When we trust God in sincerity, we will find out that we begin to grow in Him. We will begin to experience and find a rest in Jesus, and we will move to a place where our faith becomes genuine. Similarly, Paul recalled to the remembrance of Timothy of the genuine faith that he saw in Him: "Which dwelt first in your grandmother Lois and your mother Eunice, and I am persuaded is in you also (2 Tim. 1:5). Paul further went on to encourage Timothy to stir up the faith that is within Him—not just the faith but the gifts that were given by the laying on of his hands (2 Tim. 1:6). He informed Timothy that the faith he received is attached to fear. However, Paul reassured Timothy, "For God has not given us a spirit of fear, but of power, and of love and of a sound mind" (2 Tim. 1:7). As believers, we are to engage our faith in believing God's promises for our life. We need to trust and rest in his love and power so that all trace of fear can be eradicated from our minds, and we can become empowered through Jesus Christ.

In essence, sincere faith dictates that we do not get offended nor become discouraged if we do not get the things we are asking for in prayer. Instead, we should thank Him for our present situations and for the chance "that I may know Him and the power of His resurrection and the fellowship of his sufferings, being conformed to His death" (Phil. 3:10).

Prayer takes preparation. Whatever we try to excel at takes much preparation. If you want to become a good teacher or counselor, then you must enroll in a university that takes much pride in teacher education or guidance and counseling so that you will get the very best preparation for your career of teaching or counseling. Similarly, if you want to become good at prayer, then you must spend much time in prayer, honing your skills in divine communication. You could say that you have to be enrolled in the spirit of the Holy Ghost.

Prayer is an act of giving yourself selflessly to God. Prayer requires giving up that time that is normally spent to do personal things and business for God. You may even have to give up time to spend with family and friends, depending on your aim. Jesus, at one time, pulled Himself away from His disciples to pray to His father in the garden of Gethsemane. He specifically told His disciples, "Sit here while I go and pray over there" (Matt. 26:36).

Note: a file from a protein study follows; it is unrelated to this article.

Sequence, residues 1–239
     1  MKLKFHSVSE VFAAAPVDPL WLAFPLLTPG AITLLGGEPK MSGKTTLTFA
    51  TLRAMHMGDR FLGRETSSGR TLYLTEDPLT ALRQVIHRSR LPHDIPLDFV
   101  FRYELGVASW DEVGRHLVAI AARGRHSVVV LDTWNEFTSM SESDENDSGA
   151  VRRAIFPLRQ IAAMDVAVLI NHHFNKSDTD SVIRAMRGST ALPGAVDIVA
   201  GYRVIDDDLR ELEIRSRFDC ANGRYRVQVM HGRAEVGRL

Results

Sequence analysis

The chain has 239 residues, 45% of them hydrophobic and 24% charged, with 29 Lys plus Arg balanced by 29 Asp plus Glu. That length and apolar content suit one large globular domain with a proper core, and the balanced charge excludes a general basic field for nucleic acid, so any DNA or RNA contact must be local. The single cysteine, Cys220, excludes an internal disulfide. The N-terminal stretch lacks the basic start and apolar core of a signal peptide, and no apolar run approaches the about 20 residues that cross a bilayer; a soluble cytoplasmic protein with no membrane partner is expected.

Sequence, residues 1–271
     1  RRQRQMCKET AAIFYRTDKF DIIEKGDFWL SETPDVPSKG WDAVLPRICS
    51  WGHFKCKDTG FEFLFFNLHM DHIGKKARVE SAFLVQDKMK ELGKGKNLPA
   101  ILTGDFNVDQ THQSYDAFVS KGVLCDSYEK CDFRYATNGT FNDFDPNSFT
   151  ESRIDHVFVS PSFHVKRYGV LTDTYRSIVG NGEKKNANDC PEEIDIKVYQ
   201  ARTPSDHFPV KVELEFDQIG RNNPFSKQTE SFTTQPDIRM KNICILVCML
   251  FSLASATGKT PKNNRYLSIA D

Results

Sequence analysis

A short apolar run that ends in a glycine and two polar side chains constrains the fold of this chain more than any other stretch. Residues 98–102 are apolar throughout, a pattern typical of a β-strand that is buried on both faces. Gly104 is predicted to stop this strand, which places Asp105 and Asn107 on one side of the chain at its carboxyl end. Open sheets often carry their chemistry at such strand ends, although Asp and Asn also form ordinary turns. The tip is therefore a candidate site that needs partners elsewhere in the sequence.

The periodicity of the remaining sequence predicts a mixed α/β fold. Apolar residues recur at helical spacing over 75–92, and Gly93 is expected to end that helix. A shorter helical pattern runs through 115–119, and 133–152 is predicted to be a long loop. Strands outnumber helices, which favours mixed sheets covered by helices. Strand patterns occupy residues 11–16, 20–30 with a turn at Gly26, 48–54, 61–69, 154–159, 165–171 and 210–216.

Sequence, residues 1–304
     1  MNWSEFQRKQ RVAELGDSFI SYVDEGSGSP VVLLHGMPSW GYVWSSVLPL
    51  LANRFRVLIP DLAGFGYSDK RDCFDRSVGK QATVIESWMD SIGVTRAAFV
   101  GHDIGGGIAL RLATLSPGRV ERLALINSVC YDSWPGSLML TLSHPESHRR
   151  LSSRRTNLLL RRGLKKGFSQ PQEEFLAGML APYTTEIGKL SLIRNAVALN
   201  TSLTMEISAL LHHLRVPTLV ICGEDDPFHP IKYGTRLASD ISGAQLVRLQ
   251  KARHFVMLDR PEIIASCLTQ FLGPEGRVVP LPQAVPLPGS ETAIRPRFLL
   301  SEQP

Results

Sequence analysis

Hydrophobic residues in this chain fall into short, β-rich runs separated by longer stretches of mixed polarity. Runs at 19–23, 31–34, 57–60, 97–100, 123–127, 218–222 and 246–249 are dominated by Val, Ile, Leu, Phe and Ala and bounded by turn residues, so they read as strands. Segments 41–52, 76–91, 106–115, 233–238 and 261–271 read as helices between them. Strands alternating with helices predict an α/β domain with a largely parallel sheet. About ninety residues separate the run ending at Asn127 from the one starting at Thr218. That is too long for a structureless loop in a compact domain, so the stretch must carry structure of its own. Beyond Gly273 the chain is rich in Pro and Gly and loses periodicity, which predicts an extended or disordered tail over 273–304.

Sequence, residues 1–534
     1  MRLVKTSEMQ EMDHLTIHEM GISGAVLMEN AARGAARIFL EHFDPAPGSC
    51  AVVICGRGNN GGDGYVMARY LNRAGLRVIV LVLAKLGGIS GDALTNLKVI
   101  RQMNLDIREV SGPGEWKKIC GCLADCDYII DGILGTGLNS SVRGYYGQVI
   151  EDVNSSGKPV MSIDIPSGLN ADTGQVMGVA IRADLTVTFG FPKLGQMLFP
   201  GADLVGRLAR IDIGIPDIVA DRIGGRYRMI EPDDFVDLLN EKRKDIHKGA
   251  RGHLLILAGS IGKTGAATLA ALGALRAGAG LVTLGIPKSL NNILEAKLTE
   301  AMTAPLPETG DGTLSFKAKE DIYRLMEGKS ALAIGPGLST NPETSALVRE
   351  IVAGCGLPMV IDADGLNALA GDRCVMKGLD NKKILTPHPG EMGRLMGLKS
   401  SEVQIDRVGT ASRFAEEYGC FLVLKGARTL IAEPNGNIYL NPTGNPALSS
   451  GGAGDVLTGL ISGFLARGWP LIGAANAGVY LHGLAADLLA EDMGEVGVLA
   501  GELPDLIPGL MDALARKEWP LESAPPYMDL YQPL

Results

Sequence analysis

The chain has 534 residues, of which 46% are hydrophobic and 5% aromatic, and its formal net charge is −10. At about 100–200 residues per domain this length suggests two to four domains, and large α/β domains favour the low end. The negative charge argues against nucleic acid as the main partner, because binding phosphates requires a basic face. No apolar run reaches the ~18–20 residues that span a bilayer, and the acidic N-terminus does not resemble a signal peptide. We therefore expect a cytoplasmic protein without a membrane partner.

As you entered into prayer, it is good that you spend time in worship. Worship sets the tone for effective prayer. This opens your heart to give honor and glory to God. As much as you lift up Jesus in praise and worship, this draws you into His presence. We are reminded that "as Moses lifted up the serpent in the wilderness, even so must the son of man be lifted up" (John 3:14). Also, "And I, if I be lifted up from the earth, I will draw all men to me" (John 12:32). Praise that flows from a heart of worship opens us to the secret of God and the acts for which He is to be praised. His words declares, "I will make mention of the Lord and the praises of the Lord, according to all that the Lord has bestowed on us, and the great goodness toward the house of them according to the multitude of His mercies, according to the multitude of His loving kindnesses" (Isa. 63:7).

Another important step in the preparation to prayer is forgiveness. It is also recorded that "if you come to pray and you have an ought against your brother, leave your gift at the altar and make restitution before you offer up your gift" (Matt. 5:23–24). Likewise, we are encouraged to forgive through the model words of Jesus: "For if you forgive men their trespasses, your Heavenly Father will also forgive you" (Matt. 6:14).

Prayer is an act of confidence in God. We are encouraged to come boldly to God; we are to approach His throne boldly. Besides, the word tells us, "Let us therefore come boldly unto the throne of grace that we may obtain mercy, and find grace to help in time of need" (Heb. 4:16). However, as we venture in prayer with confidence, you should avoid the temptation of being pompous or pious. This level of confidence in prayer is rooted and grounded in our trust in God's word and God Himself "in whom we have boldness and access with confidence by the faith of Him" (Eph. 3:12). We must have that confidence to believe "and whatever you ask in my name, that I will do, that the Father may be glorified in the Son" (John 14:1). As believers, our confidence resides in God's word. Confidence in God's word removes any doubts we have in ourselves or about our future or any situation. A wavering self-confidence or self-esteem can be reassured through our prayer and our reading of God's word. There are certain scriptures that speak specifically to affirming our personhood, such as, "You search out my path and my lying down and are acquainted with all my ways. Even before a word is on my tongue, O Lord, you know it completely" (Ps. 139:3–4). Similarly, we are reminded of our worth in the following: "But ye are a chosen generation, a royal priesthood, a holy nation, a peculiar people; that ye should shew forth the praises of Him who hath called you out of darkness into his marvelous light" (1 Pet. 2:9). When we accept the promises of God and pray them in our life, we are actually appropriating these promises through faith, and God's prefect will take effect in our life. This is reiterated in this declaration by God: "For I know the thoughts that I think towards you, says the Lord, thoughts of peace and not of evil, to give you a future and a hope" (Jer. 29:11).